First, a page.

New Zealand's milk output has, in a potential support for prices, set its weakest seasonal peak in four years and has extended its decline since, as poor weather exacerbates a dent to output from weak values.
Fonterra - which processes the vast majority of milk in New Zealand, the top dairy exporting country – confirmed that the country's output fell by 5% year on year in October, which normally sets the monthly production peak.
"The recent challenging conditions have had a significant impact on peak milk volumes," Fonterra said, referring to a setback from unseasonably wet weather.
"Fonterra New Zealand milk collection over the peak was impacted by unfavourable weather conditions across most dairying regions," the co-operative said.
The shortfall means that combined milk output from Oceania and Europe was 1.6bn pounds less in October than the year before, said the US-based Milk Producers Council.
New Zealand milk production so far in 2016-17, (year-on-year change)
November: 2.485m tonnes, (-4.5%)
October: 3.036m tonnes, (-5.5%)
September: 2.570m tonnes, (+1.1%)
August: 1.342m tonnes, (-2.7%)
July: 231,000 tonnes, (+0.9%)
June: 147,000 tonnes, (unchanged)
Milk production deficits in South America and China "have augmented the global decline", the council added.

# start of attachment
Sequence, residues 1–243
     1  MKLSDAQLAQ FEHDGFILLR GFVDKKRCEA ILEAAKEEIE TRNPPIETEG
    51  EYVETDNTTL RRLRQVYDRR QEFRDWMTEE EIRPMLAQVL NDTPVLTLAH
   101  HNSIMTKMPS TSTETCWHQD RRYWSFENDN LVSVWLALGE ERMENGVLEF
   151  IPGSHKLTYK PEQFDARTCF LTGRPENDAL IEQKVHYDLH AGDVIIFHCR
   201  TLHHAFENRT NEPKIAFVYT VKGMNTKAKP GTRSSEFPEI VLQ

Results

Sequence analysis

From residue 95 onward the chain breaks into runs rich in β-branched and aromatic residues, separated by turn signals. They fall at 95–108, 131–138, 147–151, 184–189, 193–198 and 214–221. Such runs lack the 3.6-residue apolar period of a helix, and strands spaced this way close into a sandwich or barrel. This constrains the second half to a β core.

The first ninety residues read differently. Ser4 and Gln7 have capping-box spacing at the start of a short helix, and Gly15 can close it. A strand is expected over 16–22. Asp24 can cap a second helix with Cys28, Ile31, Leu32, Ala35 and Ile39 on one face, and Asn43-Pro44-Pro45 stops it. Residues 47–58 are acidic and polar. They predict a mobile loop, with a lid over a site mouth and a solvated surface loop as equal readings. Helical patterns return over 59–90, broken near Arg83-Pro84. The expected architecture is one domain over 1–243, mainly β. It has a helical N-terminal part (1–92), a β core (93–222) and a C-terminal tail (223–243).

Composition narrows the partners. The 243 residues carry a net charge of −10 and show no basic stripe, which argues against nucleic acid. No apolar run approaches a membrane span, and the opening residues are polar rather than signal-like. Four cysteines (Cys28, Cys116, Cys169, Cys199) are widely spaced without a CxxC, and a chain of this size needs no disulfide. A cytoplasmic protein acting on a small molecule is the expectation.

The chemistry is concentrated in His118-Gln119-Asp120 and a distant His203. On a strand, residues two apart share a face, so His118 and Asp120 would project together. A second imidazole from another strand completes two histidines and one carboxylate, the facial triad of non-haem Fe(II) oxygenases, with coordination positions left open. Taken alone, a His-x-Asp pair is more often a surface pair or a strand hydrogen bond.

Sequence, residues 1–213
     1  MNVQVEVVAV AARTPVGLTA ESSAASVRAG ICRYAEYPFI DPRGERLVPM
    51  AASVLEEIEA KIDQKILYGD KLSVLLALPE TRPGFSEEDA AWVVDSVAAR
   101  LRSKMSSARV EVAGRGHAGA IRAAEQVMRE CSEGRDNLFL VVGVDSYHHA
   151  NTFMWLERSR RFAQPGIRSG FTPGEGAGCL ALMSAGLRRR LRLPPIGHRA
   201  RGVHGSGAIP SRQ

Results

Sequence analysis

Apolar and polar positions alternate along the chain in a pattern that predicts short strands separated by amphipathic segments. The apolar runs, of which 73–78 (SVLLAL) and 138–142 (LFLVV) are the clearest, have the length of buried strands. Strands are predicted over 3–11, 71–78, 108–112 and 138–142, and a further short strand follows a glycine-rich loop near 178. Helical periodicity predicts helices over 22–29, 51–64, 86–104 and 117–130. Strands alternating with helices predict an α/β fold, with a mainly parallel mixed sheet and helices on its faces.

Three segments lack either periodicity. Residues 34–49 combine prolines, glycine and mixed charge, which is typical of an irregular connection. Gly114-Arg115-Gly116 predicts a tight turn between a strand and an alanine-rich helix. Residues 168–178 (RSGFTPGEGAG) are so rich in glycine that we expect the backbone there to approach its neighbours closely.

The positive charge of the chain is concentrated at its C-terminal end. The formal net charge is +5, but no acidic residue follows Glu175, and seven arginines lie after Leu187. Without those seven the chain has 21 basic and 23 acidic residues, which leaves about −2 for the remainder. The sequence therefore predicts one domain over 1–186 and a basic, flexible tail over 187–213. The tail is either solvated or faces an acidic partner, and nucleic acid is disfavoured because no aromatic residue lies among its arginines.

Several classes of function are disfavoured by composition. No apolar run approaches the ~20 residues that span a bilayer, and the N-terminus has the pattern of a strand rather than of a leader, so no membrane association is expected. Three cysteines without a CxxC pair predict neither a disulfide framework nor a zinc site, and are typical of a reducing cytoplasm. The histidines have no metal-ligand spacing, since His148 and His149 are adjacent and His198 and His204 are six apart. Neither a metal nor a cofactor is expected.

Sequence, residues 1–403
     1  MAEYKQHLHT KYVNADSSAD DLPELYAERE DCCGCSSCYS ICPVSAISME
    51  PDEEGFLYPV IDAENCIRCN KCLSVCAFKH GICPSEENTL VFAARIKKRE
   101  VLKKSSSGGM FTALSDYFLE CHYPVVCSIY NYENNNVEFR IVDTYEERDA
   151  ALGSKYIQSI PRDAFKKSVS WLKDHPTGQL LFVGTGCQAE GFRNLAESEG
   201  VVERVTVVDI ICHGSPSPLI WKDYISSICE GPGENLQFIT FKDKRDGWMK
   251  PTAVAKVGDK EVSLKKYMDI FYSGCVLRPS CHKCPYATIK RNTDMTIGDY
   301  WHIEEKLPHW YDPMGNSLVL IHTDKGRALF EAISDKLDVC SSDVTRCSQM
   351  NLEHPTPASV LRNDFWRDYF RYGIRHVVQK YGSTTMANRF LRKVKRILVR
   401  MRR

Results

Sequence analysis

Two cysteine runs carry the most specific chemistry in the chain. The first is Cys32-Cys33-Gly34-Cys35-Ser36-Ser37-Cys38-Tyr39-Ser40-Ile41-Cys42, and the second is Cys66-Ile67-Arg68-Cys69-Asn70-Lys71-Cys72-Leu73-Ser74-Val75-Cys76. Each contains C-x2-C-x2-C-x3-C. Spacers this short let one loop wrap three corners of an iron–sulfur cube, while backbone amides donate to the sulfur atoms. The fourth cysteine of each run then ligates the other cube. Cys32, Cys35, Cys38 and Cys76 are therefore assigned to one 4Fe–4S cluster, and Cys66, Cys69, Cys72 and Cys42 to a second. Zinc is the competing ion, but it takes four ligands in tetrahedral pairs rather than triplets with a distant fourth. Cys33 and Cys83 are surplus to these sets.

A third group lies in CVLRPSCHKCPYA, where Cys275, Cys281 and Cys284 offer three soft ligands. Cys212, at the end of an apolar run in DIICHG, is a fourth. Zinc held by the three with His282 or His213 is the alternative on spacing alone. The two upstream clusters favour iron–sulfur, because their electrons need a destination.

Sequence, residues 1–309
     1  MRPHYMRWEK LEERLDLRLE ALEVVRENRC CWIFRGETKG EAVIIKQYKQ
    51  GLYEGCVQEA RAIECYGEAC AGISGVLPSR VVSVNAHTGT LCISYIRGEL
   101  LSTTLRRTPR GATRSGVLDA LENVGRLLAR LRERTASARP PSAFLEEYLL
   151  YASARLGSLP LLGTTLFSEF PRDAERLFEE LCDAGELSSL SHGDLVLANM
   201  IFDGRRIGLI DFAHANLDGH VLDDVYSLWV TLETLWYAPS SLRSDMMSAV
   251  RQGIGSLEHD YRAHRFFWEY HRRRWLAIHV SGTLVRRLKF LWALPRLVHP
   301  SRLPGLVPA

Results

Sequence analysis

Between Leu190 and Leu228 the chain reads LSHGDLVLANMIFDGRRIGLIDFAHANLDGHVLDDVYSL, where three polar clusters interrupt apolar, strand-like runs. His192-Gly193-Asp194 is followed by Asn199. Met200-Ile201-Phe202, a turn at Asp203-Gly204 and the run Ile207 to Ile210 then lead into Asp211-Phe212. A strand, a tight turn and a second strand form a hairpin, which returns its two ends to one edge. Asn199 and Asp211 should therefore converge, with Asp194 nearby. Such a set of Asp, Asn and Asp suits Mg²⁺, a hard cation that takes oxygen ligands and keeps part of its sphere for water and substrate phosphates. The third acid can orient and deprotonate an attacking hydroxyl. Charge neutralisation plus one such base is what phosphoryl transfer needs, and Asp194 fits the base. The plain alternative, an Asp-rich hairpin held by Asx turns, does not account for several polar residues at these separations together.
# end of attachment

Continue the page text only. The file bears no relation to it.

And the drop in New Zealand production is seen as having continued last month, for which industry group Dcanz reported a 4.5% drop in domestic output to 2.85m tonnes (234.8m kilogrammes of milk solids), the lowest November figure since 2011.
Fonterra said that its milk collections last month fell by 7% year on year to 194 kilogrammes of milk solids.
And the co-operative, underlining the weather setback said that "these lower volumes are expected to flow through the remainder of the season", which ends in May.
Other observers have flagged the setback to output from farmer spending cutbacks, with the DairyNZ producers' group this month flagging "reduced expenditure across the board, particularly in supplementary feed, repairs and maintenance… and animal health and breeding".
Meanwhile, Fonterra reported "solid growth in exports" for October in particular for Oceania volumes, seen rising by 6-7%, while European shipments rose by 14% in August, the latest month for which data are available.
"China import growth rebounded in October," rising by 15% year on year, Fonterra said, with demand for fluid milk and fresh dairy proving especially strong of late.
"But imports to the Middle East and Africa remain soft," the group said, with volumes down 6% in the year to August.
By Mike Verdin